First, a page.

Peripatetic philomaths…focusing on what's really important, eating ethically and cleanly, fermenting, foraging/wildcrafting, practicing herbalism, and being responsible stewards of our land. Sharing our photos, musings, and learnings. Still seeking our tribe.
It’s been rainy lately, which means the ground is muddy…which is how pigs prefer it. And they don’t want stinky, feces-filled mud – they like “clean” dirt (oxymoron?) that’s been carefully mixed with water into a perfectly-pastelike consistency. The mud also helps keep them cool, and protects their skin from the ample biting insects out here. All hail mud!
When the humidity is nearly 100%, we get morning views like this one. It’s the kind of morning where you feel wet, instantly, as soon as you step out of your air-conditioned car or home. As an added bonus, it’s been in the upper 80’s here, so it’s in the low 90’s with the heat index. Hot, muggy, and wet. And it’s not summer yet! 😬
On the flip side, the grass requires no supplemental watering (between storms and heavy dew) and the still air holds the honeysuckle’s perfume for appreciative noses.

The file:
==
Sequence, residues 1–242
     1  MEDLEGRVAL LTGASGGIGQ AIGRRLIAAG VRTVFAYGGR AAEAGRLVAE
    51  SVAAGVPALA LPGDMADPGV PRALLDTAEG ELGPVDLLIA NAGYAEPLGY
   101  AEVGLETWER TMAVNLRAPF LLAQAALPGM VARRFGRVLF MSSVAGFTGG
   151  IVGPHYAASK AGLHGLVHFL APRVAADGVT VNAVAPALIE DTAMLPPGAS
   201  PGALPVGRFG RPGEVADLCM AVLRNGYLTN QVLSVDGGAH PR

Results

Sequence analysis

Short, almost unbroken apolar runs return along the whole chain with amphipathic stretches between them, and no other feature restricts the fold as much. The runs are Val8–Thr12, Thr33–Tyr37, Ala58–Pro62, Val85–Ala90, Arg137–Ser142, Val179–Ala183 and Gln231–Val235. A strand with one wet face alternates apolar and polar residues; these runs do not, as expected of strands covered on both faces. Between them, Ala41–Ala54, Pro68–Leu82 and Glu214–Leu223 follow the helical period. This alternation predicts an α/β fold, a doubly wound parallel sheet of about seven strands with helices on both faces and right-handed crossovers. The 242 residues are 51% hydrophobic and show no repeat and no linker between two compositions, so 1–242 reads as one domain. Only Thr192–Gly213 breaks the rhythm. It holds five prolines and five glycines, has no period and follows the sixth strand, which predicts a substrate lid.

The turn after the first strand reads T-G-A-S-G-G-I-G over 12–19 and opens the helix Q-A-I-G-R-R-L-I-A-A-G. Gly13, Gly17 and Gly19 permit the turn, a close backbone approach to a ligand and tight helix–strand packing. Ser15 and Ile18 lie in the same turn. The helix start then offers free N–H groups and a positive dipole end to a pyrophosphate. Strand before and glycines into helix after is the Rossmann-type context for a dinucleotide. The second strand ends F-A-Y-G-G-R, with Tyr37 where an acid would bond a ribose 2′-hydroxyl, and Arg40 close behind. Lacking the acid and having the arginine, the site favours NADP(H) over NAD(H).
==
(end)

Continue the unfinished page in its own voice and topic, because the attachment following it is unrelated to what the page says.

Yesterday, we picked up 4 six week old Pilgrim goslings. These babies were hatched under and raised by their goose mother. It was likely their first time in a car, and the first time they had been separated from Mom. A very big adventure!
Despite our fears that the tiny nest we’d discovered earlier, hidden in tall grass, was abandoned, this morning we found babies!
Mama (and Papa, it seems) have been attending to their new littles, sounding the alarm and trying to lure us away if we get too close. We did have to get close for a few minutes to securely enclose the tiny nest in wire fencing to deter cats and other predators. Interestingly, the chicks were completely silent, just opening their beaks wide when they sensed our presence (their eyes are still closed).
Working quickly, we affixed fencing on top of the fencing that already encircled it. The holes are large enough for Mama to easily fit through, but small enough to keep out larger animals, including curious paws. Once complete, we waited – at a distance – for Mama to return. And she did.
We’ll be rooting for the littles and looking forward to the day when they fly from their nest!